The Picture of Dorian Gray, And, a House of Pomegranates

Author:

Oscar Wilde

Publisher:

Forgotten Books

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Publisher

Forgotten Books

Publication Year 2018
ISBN-13

9781330885994

ISBN-10 1330885996
Binding

Paperback

Number of Pages 444 Pages
Language (English)
Weight (grms) 590
Excerpt from The Picture of Dorian Gray, And, a House of Pomegranates Lord Henry stroked his pointed brown beard, and tapped the toe of his patent-leather boot with a tas seled ebony cane. How English you are, Basil! That is the second time you have made that observa tion. If one puts forward an idea to a true English man - always a rash thing to do - he never dreams of considering whether the idea is right or wrong. The only thing he considers of any importance is whether one believes it one's self. Now, the value of an idea has nothing whatsoever to do with the sincerity of the man who expresses it. Indeed, the probabilities are that the more insincere the man is, the more purely intellectual will the idea be, as in that case it will not be colored by either his wants, his desires, or his prejudices. However, I - don't propose to discuss poli tics, sociology, or metaphysics with you. I like per sons better than principles, and I like persons with no principles better than anything else in the world. Tell me more about Mr. Dorian Gray. How often do you see him?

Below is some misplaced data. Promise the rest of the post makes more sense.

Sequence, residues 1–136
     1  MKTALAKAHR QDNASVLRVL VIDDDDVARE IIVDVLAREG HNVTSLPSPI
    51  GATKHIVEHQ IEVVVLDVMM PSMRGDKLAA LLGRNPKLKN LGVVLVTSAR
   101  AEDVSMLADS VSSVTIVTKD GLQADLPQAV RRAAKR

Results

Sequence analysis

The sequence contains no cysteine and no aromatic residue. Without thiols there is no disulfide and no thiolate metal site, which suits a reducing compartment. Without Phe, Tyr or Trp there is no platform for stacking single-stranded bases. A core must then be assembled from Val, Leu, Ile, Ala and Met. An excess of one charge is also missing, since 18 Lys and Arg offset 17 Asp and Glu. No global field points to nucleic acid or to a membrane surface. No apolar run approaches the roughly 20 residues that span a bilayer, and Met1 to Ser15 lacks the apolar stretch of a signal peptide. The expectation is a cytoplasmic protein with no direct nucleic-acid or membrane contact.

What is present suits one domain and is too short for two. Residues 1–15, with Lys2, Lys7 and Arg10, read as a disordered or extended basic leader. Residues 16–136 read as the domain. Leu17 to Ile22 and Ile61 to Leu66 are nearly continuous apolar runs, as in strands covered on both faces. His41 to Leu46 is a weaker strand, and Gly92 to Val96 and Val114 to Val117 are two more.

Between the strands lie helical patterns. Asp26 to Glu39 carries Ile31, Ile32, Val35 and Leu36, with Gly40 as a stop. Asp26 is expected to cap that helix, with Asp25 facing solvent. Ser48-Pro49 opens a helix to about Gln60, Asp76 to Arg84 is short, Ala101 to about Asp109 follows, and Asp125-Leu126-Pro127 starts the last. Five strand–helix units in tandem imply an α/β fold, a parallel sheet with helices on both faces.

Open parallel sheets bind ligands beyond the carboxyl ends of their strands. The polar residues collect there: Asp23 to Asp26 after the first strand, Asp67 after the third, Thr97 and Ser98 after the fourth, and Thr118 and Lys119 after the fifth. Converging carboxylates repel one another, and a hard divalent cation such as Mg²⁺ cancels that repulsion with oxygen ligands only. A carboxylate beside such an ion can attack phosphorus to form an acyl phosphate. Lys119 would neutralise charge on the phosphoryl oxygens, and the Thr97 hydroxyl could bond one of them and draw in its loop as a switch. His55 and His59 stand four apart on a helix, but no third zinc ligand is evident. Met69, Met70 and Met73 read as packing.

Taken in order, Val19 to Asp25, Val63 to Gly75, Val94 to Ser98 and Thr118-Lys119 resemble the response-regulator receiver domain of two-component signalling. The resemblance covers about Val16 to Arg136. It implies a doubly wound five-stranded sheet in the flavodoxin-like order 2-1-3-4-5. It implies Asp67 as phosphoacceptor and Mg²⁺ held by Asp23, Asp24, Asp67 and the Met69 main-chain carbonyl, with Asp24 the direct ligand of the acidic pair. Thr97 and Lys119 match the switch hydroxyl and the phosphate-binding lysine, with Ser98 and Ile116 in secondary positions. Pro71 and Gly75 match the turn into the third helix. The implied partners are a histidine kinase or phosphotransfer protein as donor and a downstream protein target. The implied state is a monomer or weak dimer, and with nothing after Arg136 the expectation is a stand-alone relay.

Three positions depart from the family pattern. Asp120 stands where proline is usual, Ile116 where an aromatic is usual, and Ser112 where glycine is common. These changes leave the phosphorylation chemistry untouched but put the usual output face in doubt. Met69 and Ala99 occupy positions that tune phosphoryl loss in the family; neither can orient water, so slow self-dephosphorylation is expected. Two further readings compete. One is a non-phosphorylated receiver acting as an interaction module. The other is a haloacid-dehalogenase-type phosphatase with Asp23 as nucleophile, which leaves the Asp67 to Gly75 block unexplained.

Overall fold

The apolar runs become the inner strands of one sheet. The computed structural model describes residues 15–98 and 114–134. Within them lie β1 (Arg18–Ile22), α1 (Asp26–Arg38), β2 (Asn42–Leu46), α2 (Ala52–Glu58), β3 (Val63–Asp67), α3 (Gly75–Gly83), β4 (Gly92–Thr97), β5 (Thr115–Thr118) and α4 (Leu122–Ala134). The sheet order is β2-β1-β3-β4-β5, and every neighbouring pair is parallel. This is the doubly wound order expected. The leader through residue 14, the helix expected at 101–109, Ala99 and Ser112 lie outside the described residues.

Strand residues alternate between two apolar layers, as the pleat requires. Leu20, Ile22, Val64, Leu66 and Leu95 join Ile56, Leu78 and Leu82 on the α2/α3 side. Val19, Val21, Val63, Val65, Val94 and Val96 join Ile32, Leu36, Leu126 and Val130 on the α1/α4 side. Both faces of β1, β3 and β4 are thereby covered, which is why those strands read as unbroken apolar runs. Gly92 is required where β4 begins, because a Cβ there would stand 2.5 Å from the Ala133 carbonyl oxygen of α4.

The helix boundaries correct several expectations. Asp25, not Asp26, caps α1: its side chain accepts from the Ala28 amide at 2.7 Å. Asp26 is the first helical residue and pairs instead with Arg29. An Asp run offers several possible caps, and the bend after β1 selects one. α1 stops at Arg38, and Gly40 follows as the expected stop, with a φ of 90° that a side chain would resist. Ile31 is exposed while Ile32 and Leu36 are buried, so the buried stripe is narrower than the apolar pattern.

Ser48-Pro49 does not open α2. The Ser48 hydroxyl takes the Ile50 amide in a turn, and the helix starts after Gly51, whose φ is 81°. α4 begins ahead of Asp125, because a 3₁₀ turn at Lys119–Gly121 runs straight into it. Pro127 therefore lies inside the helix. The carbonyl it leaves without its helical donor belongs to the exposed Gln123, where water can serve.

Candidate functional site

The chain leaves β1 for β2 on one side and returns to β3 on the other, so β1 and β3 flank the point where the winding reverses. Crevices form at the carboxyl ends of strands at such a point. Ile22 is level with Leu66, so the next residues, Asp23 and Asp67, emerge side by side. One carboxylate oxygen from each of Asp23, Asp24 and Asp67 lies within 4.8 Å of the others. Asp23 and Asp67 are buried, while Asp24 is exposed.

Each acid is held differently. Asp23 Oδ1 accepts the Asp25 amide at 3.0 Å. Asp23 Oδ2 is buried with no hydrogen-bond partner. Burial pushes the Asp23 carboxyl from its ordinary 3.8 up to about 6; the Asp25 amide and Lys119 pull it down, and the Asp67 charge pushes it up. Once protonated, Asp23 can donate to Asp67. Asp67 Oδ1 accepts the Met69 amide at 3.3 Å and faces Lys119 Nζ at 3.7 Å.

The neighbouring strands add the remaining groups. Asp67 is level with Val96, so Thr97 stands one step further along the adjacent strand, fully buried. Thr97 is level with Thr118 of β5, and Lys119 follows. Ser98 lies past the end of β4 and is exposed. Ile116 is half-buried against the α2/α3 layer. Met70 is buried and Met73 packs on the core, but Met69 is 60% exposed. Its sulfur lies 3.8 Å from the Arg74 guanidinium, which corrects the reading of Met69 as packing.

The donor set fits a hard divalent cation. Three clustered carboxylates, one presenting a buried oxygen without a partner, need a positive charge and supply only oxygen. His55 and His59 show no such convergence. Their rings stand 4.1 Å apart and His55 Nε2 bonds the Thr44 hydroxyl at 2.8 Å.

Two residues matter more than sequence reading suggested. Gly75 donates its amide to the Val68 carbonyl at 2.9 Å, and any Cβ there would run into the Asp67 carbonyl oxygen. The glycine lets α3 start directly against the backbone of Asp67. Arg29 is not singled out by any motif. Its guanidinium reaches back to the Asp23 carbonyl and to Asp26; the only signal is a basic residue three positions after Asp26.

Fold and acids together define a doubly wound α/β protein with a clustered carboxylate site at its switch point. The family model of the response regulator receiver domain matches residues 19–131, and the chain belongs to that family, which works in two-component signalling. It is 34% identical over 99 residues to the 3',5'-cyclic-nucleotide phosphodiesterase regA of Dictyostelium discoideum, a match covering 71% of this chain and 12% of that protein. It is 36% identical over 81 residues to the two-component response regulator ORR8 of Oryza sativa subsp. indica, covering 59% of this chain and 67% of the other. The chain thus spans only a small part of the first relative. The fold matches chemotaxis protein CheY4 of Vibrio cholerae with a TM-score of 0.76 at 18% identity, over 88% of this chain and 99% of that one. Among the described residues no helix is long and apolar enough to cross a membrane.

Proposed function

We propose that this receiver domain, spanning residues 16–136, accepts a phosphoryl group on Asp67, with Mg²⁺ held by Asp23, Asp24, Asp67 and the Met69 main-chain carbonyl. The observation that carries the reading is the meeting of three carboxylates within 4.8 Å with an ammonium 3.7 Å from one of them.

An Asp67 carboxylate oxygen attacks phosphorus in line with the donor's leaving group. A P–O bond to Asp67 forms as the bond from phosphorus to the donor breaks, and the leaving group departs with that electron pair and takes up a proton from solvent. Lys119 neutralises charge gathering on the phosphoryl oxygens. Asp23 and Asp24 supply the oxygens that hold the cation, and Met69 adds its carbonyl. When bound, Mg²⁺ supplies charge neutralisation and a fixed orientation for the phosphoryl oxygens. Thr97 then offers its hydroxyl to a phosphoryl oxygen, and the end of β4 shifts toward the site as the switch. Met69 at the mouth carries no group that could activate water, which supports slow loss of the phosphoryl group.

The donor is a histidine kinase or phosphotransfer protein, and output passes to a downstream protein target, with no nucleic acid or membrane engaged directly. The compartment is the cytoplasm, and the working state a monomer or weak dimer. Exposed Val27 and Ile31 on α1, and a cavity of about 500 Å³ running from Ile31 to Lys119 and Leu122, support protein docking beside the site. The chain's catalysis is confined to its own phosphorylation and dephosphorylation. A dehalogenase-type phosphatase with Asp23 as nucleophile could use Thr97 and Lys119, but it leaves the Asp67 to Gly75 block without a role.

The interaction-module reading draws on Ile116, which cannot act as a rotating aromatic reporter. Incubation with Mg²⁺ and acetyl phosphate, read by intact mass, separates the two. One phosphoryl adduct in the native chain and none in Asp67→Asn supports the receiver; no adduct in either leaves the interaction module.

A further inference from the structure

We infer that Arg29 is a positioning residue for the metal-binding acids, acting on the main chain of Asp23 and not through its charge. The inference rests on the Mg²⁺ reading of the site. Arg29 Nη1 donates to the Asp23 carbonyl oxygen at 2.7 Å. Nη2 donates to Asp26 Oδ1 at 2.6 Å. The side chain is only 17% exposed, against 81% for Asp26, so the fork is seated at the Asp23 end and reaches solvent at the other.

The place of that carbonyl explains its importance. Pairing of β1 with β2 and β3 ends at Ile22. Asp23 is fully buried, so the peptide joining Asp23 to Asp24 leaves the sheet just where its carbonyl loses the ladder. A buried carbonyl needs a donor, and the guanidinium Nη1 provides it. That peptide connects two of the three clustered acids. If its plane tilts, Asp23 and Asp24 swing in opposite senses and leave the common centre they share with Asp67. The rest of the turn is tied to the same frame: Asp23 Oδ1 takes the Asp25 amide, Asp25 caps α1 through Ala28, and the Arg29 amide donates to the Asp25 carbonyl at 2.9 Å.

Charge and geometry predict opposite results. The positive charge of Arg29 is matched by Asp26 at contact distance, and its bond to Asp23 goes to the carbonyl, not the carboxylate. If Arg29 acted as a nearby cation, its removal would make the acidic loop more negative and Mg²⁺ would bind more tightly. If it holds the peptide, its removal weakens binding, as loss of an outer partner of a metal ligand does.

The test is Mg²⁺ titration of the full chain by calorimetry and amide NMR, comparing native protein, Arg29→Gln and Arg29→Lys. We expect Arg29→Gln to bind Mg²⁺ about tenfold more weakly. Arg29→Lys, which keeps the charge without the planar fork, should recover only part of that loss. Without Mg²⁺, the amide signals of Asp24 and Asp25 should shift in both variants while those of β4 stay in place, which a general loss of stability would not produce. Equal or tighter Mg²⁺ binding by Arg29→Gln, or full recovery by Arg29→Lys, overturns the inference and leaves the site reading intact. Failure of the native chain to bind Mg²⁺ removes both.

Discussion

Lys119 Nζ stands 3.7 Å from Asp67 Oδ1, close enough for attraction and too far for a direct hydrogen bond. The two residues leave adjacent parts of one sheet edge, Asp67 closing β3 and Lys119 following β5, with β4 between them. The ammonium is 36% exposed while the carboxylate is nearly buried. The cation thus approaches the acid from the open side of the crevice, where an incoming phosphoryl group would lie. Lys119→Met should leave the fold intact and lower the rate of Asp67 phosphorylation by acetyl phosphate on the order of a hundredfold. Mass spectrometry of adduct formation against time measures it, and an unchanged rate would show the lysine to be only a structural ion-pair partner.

Oscar Wilde

Oscar Wilde was born at 21 Westland Row, Dublin (now home of the Oscar Wilde Centre, Trinity College), the second of three children born to Sir William Wilde and Jane Wilde, two years behind William (\"Willie\"). Wilde\'s mother was of Italian descent,[1] and under the pseudonym \"Speranza\" (the Italian word for \'hope\'), wrote poetry for the revolutionary Young Irelanders in 1848 and was a lifelong Irish nationalist.[2] She read the Young Irelanders\' poetry to Oscar and Willie, inculcating a love of these poets in her sons.[3] Lady Wilde\'s interest in the neo-classical revival showed in the paintings and busts of ancient Greece and Rome in her home.[3] William Wilde was Ireland\'s leading oto-ophthalmologic (ear and eye) surgeon and was knighted in 1864 for his services as medical adviser and assistant commissioner to the censuses of Ireland.[4] He also wrote books about Irish archaeology and peasant folklore. A renowned philanthropist, his dispensary for the care of the city\'s poor at the rear of Trinity College, Dublin, was the forerunner of the Dublin Eye and Ear Hospital, now located at Adelaide Road.[4] On his father\'s side Wilde was descended from a Dutchman, Colonel de Wilde, who went to Ireland with King William of Orange\'s invading army in 1690. On his mother\'s side Wilde\'s ancestors included a bricklayer from County Durham who emigrated to Ireland sometime in the 1770s.[5][6]
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